Well, I then asked around, and chatted up a bunch of folks who’ve been in the New York fight game for decades. Because while I’ve seen Lathan in action, seen the authentic warmth she brings to the table, the obvious bond I see between her and the fighters, and the other citizens involved in the fight scene here, I needed to know if others shared my viewpoint. Governor, across the board, they did. I didn’t find a voice of dissent.
Now, I know how things work, generally. Maybe someone whispered in your ear, or in the ear of an aide, and told you that the chairmanship isn’t an integral position, that there would be no ramifications if the position was downsized. Or, perhaps, in a more Machiavellian manner, someone has designs on the post, someone thinks they are owed a favor, and would like to see Lathan leave, so they can slither into the role, and be in the throne when the economy upticks, and the salaried position is restored. I have no inside info if this is the case. But if any odious game-playing is at hand, please resist the temptation to give in, sir. I do know that if this budget cut occurs, and Lathan decides the job isn’t right for her, the game and the state will be losing an asset which we cannot put a price-tag on. But if you can't rely solely on my word, Governor, read on…
Joe Dwyer, the current president of the North American Boxing Federation, worked as an inspector at NYSAC for 12 years, and rose to the level of chief inspector before leaving in 1996. He saw chairmen–always men– come and go, during his tenure and after, and more than a couple were of the hack variety, appointed for reasons other than their storehouse of boxing knowledge. I asked him, Governor, if making the chair position non-salaried, even if the chair were given a stipend, which could amount to around $100 for a 15 hour day, would be wise.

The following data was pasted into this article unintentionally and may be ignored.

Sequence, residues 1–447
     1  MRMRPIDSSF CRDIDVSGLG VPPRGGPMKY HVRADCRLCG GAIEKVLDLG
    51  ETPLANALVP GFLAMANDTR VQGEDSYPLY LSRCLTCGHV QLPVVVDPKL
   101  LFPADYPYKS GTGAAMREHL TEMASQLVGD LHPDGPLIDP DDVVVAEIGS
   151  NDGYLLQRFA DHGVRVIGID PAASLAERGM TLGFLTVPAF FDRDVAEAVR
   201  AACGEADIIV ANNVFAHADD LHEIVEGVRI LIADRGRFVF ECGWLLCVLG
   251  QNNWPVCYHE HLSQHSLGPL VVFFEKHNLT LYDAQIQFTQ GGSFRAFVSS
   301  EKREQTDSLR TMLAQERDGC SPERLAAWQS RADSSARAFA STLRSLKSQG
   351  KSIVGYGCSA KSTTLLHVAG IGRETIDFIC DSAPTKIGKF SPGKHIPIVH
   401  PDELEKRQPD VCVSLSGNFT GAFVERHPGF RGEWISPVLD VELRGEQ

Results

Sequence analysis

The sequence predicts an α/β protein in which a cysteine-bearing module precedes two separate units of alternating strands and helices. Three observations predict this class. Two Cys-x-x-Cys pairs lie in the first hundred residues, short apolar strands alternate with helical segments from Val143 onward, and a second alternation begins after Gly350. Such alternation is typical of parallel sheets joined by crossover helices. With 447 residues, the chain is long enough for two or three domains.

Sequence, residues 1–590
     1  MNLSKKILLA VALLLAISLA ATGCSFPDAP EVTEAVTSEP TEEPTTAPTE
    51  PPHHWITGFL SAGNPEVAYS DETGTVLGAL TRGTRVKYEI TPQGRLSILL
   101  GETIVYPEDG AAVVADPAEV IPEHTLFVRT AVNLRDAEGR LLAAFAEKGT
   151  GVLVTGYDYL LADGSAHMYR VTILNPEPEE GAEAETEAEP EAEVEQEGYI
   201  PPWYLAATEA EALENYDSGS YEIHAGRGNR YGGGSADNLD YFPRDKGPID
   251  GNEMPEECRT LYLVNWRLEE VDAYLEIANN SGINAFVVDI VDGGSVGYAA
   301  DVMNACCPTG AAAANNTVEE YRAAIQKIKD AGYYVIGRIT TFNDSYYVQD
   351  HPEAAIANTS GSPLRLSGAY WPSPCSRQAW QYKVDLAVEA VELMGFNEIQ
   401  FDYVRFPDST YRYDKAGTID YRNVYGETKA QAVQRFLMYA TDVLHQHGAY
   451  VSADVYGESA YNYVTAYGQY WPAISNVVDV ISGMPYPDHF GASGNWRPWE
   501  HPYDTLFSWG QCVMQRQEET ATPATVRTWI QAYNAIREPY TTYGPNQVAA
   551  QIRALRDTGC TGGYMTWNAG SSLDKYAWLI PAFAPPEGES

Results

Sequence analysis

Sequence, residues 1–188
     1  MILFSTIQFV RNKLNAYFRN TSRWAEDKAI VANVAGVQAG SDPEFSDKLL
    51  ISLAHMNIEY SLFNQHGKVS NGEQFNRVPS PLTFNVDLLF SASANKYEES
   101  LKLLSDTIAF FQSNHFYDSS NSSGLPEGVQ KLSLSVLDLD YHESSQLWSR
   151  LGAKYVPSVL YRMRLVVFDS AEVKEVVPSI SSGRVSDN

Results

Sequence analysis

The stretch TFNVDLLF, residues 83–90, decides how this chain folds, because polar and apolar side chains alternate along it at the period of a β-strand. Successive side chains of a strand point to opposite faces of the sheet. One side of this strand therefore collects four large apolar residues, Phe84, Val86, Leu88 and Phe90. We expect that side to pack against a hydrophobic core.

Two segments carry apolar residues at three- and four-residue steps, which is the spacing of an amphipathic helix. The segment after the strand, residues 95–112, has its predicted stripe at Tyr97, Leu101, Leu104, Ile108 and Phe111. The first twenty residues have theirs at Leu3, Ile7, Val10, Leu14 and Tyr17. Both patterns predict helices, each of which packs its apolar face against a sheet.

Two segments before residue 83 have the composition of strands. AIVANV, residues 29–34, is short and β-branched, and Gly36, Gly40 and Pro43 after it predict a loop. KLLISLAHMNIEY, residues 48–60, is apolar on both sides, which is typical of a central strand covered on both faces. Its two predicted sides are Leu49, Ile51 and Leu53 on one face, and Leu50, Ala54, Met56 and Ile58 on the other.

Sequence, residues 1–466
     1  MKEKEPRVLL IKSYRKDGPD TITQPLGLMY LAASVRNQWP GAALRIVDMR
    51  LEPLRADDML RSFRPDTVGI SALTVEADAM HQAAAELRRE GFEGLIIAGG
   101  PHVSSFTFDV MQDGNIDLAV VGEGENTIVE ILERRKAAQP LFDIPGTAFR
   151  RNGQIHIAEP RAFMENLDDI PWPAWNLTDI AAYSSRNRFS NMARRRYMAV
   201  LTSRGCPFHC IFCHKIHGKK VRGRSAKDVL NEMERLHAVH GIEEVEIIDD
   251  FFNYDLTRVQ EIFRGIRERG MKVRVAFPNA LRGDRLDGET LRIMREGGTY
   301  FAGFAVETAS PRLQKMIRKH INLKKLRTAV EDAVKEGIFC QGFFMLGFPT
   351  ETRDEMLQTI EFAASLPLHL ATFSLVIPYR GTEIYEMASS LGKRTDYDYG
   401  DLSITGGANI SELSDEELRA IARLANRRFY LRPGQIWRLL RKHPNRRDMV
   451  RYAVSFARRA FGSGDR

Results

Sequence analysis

“Absolutely not,” he said. “I intend to send a letter to the Governor. Since her appointment, in the past 15 or 20 years, this is the best I've seen the Commission running. Her integrity, her exposure for the sport, the confidence the fighters, promoters have in her….I think she's a credit to the Governor's office to have her in that role.”
Bob Duffy is now a promoter/advisor. He also had his time in the NYSAC, and rose to director of boxing before leaving in 2001.
“I’ve been in the business long enough and have seen previous administrations and their incompetence,” he said. “Those chairmen were getting paid. Why stop paying properly a competent one?” Beyond competence, Duffy has seen qualities in Lathan which should speak louder to us all than mere competence, or saving a few nickels which could easily be restored if we simply installed a micro-mini tax on every trade those titans of Wall Street make, say ¼ quarter of one cent per trade. “She brings a lot to the table,” he continued. “She doesn’t have a closed door policy. She listens to problems. She’s there willing to listen to you. That kind of person, with her kind of experience, is valuable. People like her! She makes the Commission a pleasure to work with. She keeps the Commission in line, on message. All the Governor has to do is talk to her, and he’ll see what he has.”
Governor, next year you will have a new fight series coming to Brooklyn, as Oscar De La Hoya’s Golden Boy Promotions will bring regular fight cards, 12 a year, to the new Brooklyn Arena. The timing would be poor, to say the least, if the chairman position was diminished. Also, many of us hope and believe that mixed martial arts will finally be welcomed to NY. Dana White’s UFC will pack Madison Square Garden to the gills three or so times a year, and Governor, Lathan knows the MMA world as well. All fight sports are not created equal, and she would be able to traffic in MMA flawlessly, and it is no easy task finding capable regulators who can move with equal ease in the boxing and MMA worlds. Lathan can.
Another testimonial, Governor, from a highly respected voice in the boxing community. Julie Lederman has been a judge since 1996. She’s judged more than 36 title fights, and because her eyes and judgement are so respected, she works around the world in that capacity.